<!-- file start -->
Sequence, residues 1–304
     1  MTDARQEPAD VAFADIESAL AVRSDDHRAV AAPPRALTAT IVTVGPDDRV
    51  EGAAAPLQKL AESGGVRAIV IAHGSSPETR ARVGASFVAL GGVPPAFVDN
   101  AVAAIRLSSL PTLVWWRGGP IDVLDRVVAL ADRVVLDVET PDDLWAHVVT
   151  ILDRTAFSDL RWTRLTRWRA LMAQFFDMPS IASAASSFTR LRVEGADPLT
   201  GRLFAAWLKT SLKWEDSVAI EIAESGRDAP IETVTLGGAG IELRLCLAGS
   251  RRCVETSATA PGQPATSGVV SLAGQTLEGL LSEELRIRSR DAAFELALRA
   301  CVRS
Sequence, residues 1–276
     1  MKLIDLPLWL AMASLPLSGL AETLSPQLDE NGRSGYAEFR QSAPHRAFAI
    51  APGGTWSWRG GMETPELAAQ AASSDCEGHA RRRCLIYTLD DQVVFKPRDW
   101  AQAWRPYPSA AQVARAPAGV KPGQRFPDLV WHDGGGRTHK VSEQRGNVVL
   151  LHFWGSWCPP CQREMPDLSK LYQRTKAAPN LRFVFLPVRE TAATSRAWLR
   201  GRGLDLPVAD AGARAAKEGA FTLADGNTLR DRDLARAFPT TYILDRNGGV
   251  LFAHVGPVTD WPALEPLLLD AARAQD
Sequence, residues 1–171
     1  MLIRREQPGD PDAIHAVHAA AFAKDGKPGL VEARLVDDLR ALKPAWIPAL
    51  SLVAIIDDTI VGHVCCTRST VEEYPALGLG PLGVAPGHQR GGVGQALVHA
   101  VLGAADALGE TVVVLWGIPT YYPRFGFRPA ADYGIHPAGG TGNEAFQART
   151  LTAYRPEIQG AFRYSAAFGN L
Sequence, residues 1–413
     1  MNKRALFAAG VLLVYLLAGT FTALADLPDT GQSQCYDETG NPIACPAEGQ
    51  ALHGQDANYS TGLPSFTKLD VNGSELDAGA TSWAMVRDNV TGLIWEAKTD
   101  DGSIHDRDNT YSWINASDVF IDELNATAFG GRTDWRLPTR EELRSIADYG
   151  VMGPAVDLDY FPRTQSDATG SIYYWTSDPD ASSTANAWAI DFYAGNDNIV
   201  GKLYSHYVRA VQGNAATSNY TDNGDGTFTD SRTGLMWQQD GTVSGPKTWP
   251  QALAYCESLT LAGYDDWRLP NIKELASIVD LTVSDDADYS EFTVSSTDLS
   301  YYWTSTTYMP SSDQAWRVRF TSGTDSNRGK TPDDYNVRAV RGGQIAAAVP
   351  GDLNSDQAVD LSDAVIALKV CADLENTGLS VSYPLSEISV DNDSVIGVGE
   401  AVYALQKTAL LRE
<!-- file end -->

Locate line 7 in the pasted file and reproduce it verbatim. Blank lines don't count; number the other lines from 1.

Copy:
   251  RRCVETSATA PGQPATSGVV SLAGQTLEGL LSEELRIRSR DAAFELALRA